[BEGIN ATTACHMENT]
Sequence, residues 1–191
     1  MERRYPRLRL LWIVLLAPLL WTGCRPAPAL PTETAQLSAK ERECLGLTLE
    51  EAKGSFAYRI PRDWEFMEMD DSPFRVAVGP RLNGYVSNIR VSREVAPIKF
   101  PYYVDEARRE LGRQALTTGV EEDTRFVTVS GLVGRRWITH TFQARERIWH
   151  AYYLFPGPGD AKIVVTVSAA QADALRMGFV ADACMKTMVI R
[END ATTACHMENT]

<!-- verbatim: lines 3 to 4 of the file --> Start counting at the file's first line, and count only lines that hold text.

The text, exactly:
    51  EAKGSFAYRI PRDWEFMEMD DSPFRVAVGP RLNGYVSNIR VSREVAPIKF
   101  PYYVDEARRE LGRQALTTGV EEDTRFVTVS GLVGRRWITH TFQARERIWH